Lawmakers say they’ll try again on hemp in 2020
SIOUX FALLS, S.D. (AP) — Some South Dakota lawmakers said Wednesday that they’re working on a bill for the 2020 legislative session that would pave the way for hemp to be grown in the state, putting them on a likely collision course with Gov. Kristi Noem.
Noem vetoed such legislation in March. Though the House successfully voted to override, lawmakers fell two votes short in the Senate. Both chambers are controlled by Republicans; Noem is also a Republican.
Rep. Oren Lesmeister, a Democrat from Parade, said he and a bipartisan group of lawmakers are working to craft a bill similar to the one vetoed. He said he’s “very confident” it would draw enough support to override another veto.
Supporters, in the meantime, are working to educate their colleagues on hemp and its uses.
“They see the difference between industrial hemp and marijuana,” Lesmeister said.
Sen. Rocky Blare, a Republican from Ideal who opposed the bill last year, said federal regulations for industrial hemp that the U.S. Department of Agriculture announced last month helped convince him of the crop’s potential viability. But he said he’ll wait to see the bill before committing.
“If it’s good for farmers and good for South Dakota, then I’m absolutely for it,” he added.
South Dakota, Mississippi and Idaho are the only states that don’t allow hemp cultivation. Two Native American tribes in South Dakota have applied to the federal government for permits to grow industrial hemp.
Noem has argued that legalizing hemp is akin to legalizing marijuana because it is difficult for police officers to tell the difference. Hemp is allowed under federal law when it has less than 0.3% of THC, the component in marijuana that produces a high.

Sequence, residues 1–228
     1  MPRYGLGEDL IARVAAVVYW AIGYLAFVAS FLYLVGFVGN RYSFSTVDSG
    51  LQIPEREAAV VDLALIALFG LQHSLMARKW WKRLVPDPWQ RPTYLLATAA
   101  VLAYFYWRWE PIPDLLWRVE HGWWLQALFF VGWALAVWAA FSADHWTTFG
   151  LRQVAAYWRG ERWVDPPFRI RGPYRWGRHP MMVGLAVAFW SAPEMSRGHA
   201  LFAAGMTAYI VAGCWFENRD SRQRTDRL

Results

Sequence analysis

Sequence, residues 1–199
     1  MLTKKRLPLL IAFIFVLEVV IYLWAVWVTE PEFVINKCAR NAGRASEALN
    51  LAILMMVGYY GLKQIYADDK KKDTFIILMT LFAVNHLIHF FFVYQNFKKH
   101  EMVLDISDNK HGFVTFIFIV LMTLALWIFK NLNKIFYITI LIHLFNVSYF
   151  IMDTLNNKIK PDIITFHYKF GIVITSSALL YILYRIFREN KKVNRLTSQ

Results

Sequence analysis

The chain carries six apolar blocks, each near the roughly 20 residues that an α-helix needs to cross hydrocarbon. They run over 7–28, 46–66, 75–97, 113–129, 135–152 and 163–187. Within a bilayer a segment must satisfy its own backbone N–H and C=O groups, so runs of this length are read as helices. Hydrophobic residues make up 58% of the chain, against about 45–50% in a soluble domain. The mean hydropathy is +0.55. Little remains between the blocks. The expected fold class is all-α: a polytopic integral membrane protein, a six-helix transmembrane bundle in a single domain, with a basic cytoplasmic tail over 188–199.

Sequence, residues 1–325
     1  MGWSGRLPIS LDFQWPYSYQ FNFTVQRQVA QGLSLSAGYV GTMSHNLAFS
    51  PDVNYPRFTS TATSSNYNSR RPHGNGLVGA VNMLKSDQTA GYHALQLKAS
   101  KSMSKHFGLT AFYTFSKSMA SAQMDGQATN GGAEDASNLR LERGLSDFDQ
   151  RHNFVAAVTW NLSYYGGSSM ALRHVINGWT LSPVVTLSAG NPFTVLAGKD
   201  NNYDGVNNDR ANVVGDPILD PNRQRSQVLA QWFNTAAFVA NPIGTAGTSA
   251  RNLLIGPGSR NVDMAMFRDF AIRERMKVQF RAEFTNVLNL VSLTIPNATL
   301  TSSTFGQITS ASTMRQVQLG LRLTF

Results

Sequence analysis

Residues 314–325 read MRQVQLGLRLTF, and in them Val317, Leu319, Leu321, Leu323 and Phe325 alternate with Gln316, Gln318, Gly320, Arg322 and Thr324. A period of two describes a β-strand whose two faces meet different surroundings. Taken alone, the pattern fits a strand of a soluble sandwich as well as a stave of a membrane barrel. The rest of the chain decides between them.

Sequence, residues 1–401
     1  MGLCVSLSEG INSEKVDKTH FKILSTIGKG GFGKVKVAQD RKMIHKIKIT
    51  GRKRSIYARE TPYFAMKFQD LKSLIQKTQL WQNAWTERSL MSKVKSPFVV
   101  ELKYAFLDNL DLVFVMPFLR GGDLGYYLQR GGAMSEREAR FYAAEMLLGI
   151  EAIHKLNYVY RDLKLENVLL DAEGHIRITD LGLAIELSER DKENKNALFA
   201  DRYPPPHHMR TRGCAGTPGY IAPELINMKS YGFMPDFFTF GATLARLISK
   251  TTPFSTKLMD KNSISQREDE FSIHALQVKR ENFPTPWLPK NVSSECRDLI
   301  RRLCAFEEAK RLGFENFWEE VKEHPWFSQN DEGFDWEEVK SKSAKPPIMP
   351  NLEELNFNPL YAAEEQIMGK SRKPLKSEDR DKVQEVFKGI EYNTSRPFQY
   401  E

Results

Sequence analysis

“Governor Noem continues to have conversations with legislators about industrial hemp and the impact legalization could have on public safety and law enforcement’s ability to enforce drug laws,” Noem’s spokeswoman, Kristin Wileman, said Wednesday in a written statement.
Blare isn’t persuaded by Noem’s argument. Though he staunchly opposes legalizing marijuana, he said hemp is different. Blare said a bill would need to regulate testing and transporting hemp to get his support, as well as make sure that farmers are responsible to keep their hemp crops under the federal limit for THC.
Noem has also argued it would cost too much and strain law enforcement to test hemp for THC levels.
Nearly all the lawmakers agreed that if hemp crops were allowed in South Dakota, farmers would have to proceed with caution in an unpredictable new market.
Senate Majority Whip Josh Klumb said hemp won’t be “a golden egg that saves everybody’s farm.” But the Mount Vernon Republican supports allowing it and thinks South Dakota farmers are missing out on opportunities the longer the state waits.
Hemp came up this week on a conference call hosted by U.S. Sen. Mike Rounds, with a woman asking about hemp’s potential in textiles. That prompted Rounds to post an old photo on Facebook of his father working in a hemp field in Beadle County — a photo he said convinced him of its potential.
Rounds said South Dakotans grew hemp during World War II to be used for ropes on Navy boats.
“I personally don’t see a problem with at least trying it,” the senator said.